Profile: Ginny Turner

By Dawne Belloise

Like Crested Butte kids, Ginny Turner grew up at the end of the road, but in Girdwood, Alaska, home to Mt. Alyeska. In fact, locals of that town were known as “End of the Roaders,” she tells. Also like CB, it’s a ski resort town except, she smiles, “You can see the ocean from the top of the mountain.” Ginny’s father was chief of grooming at the ski area, which came with perks like a free ski pass for her. She recalls that it was kind of like the wild west back then with plenty of partying, and as the resort gained popularity, she relates it to CB, “People being pushed out, not enough places for workers to live, and it got expensive.”

As kids they skied, of course, and the area had night skiing. When the snows melted, it was all about biking and playing in the woods. If it was raining, which it did a lot there, Ginny laughs that they’d still go out and play, “Rain wasn’t an excuse because it was raining all the time.” Since the local school only went through eighth grade, the high schoolers were bussed to Anchorage. “I got on the bus at 5:30 in the morning and school started at 7:30 a.m. I was doing cross country skiing, running and track so we didn’t get home until much later.” 

“In the winter, I left home in the dark and got back in the dark because from December through mid-February, it didn’t start getting light out until 10 a.m. and it was dark by 3 p.m.” The upside to that was that the sun never seemed to set during the summers. Throughout school, Ginny trained in sports constantly, because, “The high school ski racing in Alaska is a very competitive, high-pressure scene,” she says. 

By the time she graduated from high school in 1993, she knew she wanted out of Alaska. Ginny chose Western State College (WSC) (now Western Colorado University) because the brochure looked nice. “The brochure said 360 days of sunshine and I was coming from one of the most northern rain forests in the world where we get so much precipitation yearly. I wanted the sunshine.” At WSC, she had already spoken with the Nordic coach. “I wasn’t really sure what I wanted to do but I was pretty burnt out and I was done with Nordic racing. So I decided I didn’t want to keep doing that to myself. I needed a break,” she felt.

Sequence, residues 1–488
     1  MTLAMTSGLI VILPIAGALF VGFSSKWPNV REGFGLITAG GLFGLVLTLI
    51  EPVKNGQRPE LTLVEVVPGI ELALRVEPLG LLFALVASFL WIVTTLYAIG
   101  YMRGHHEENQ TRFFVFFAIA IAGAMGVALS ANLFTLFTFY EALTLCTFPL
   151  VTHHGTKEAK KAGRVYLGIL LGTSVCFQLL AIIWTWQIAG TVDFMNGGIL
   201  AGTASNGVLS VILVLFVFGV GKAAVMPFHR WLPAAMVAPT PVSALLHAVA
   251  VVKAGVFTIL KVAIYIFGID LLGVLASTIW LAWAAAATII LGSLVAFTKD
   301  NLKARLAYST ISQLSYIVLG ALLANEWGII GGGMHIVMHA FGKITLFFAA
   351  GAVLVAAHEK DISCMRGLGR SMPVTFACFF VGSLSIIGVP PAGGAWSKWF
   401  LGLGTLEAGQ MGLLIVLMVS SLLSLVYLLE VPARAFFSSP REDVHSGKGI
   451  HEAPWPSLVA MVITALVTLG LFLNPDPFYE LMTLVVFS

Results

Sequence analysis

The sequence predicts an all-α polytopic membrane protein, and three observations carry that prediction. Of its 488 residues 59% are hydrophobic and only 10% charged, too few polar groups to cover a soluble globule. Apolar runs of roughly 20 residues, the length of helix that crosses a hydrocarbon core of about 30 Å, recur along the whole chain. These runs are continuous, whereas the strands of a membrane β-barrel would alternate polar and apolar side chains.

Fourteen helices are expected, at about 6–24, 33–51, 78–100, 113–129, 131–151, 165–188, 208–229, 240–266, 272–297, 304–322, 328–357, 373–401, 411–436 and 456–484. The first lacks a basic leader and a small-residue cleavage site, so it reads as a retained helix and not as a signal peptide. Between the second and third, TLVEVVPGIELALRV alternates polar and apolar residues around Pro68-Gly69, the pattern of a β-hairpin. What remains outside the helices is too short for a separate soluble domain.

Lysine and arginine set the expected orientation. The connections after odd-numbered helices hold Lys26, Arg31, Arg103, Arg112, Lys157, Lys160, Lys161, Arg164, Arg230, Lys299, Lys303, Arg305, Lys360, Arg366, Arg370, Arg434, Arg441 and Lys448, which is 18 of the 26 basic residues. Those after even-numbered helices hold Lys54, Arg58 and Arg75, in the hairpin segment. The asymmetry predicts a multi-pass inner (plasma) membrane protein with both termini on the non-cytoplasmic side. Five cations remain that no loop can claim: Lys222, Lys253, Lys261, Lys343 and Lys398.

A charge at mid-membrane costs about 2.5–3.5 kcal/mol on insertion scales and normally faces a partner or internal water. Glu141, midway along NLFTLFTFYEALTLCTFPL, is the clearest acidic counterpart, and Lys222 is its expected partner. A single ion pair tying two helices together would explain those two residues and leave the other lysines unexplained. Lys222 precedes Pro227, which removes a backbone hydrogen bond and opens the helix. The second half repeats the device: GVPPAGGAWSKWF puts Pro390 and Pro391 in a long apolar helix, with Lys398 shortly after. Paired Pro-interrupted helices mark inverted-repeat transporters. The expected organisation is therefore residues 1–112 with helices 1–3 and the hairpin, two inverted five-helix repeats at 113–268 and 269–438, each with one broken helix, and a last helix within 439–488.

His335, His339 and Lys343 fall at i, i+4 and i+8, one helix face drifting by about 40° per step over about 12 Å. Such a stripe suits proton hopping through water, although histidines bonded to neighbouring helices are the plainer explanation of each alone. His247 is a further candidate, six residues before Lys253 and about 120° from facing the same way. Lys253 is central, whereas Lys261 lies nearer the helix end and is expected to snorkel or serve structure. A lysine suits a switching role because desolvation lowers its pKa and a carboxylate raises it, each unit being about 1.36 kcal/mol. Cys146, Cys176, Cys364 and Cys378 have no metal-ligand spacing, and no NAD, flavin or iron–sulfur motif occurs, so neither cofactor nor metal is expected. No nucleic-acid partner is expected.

Once settled into Gunnison, Ginny laughs that she became localized. “I was full on in my broomstick skirt, my Guatemalan sweaters and wearing patchouli. I went from grunge to hippie pretty quickly. But I loved Western. I made a lot of really good friends there. I loved Hartman’s so I went running there a lot.” 

In 1995, Ginny applied for the high school coaching job for the CB Nordic Team. She was only 19 years old and had a blast teaching 18-year-olds. The position reignited her love of Nordic skiing and she coached for three years. “That’s what got me into Crested Butte and back into Nordic skiing and I’m grateful for that. I lived in Gunnison but was in CB a lot,” she says, so she moved up valley in the winter of 1999.

Ginny was working at the Avalanche during the winter of 1999/2000, when she met her now hubby Sean Turner. Having been a ski bum long enough, Ginny felt it was time to switch up gear and be a beach bum for a while. When she told Sean she had decided to move to southern California, he told Ginny he was also moving there and suggested they share a U-Haul. They had been dating and decidedly liked each other, but at the time, they were barely committed. They moved to separate towns in the same area in California, “I was 25 and gun shy,” she smiles.

Ginny moved to San Diego. “At the time I was really interested in physical fitness and personal training. I figured San Diego is such a mecca for fitness.” She had worked at Rocky’s Gym in Gunnison for a couple of years and felt that she would not only enjoy becoming a personal trainer, but she’d be really good at it. Ginny started out working at one of those giant gyms while getting certified for personal training. She took her education further and enrolled at the University of California at San Diego.